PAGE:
Following the publication of Empireland, Sathnam Sanghera received thousands of abusive messages from what he has called “imperially nostalgic racists”; people outraged that a second-generation immigrant might dare to question the legacy and atrocities of the British Empire. The historian William Dalrymple – despite detailing the same atrocities and complex beginnings of the East India Company – has received none. Is this proof of our need to understand the dysfunctional way much of Britain still thinks about Empire? How much do we really know about the reality of Empire? Has Britain, unlike other former colonial powers, ever really reckoned with its past? Is the problem really one of ignorance; or are we as a country unwilling to confront some of the uncomfortable truths? How should we teach the British Empire, its complex history, and the legacy it still leaves today?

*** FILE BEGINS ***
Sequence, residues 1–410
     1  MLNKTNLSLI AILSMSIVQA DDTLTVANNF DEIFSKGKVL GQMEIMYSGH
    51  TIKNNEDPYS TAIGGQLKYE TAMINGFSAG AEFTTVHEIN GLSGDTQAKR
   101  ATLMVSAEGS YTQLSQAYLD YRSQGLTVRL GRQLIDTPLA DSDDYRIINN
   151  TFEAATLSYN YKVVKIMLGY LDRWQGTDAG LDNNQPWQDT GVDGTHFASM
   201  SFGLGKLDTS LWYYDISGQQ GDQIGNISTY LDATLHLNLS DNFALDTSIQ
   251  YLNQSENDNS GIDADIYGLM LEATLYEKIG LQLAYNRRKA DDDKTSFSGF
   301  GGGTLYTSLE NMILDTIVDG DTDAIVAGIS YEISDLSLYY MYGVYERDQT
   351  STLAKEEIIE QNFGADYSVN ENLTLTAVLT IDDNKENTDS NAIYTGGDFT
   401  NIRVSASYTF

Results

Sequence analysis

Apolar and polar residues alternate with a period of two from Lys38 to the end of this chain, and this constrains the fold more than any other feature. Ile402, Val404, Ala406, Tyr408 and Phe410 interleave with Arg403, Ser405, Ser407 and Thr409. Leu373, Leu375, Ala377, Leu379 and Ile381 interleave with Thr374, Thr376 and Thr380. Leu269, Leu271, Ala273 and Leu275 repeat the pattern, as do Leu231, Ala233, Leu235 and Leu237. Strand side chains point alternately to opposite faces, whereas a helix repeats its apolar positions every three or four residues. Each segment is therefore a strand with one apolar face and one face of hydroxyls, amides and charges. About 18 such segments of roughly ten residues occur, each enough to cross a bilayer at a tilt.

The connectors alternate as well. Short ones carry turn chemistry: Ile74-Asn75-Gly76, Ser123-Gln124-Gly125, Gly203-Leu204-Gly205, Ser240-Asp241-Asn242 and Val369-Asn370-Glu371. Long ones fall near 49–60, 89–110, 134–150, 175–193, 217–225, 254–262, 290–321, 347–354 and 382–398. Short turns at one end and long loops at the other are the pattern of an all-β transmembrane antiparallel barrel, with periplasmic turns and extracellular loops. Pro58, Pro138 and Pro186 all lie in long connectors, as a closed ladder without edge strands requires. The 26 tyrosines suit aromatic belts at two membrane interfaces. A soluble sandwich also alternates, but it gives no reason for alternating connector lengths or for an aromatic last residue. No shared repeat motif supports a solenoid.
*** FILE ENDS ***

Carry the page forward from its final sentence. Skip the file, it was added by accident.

In an era where the Empire is the new front of the culture war, with debates about statues raging, how can we have serious conversations about the British Empire without being accused of being unpatriotic? Instead, how do we show that you can love Britain, without being blind to its faults?